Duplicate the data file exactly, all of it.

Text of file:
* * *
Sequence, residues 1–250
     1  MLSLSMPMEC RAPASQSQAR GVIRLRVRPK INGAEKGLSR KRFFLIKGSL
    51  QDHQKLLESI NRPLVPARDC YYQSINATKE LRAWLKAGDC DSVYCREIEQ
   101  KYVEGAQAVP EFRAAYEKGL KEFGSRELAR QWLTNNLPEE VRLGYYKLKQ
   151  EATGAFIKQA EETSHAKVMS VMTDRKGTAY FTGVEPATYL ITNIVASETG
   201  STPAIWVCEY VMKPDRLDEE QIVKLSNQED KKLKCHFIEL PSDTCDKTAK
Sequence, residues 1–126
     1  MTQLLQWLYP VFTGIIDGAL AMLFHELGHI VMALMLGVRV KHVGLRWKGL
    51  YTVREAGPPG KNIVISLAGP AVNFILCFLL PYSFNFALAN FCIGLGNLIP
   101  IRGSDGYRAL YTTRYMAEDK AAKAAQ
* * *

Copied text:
Sequence, residues 1–250
     1  MLSLSMPMEC RAPASQSQAR GVIRLRVRPK INGAEKGLSR KRFFLIKGSL
    51  QDHQKLLESI NRPLVPARDC YYQSINATKE LRAWLKAGDC DSVYCREIEQ
   101  KYVEGAQAVP EFRAAYEKGL KEFGSRELAR QWLTNNLPEE VRLGYYKLKQ
   151  EATGAFIKQA EETSHAKVMS VMTDRKGTAY FTGVEPATYL ITNIVASETG
   201  STPAIWVCEY VMKPDRLDEE QIVKLSNQED KKLKCHFIEL PSDTCDKTAK
Sequence, residues 1–126
     1  MTQLLQWLYP VFTGIIDGAL AMLFHELGHI VMALMLGVRV KHVGLRWKGL
    51  YTVREAGPPG KNIVISLAGP AVNFILCFLL PYSFNFALAN FCIGLGNLIP
   101  IRGSDGYRAL YTTRYMAEDK AAKAAQ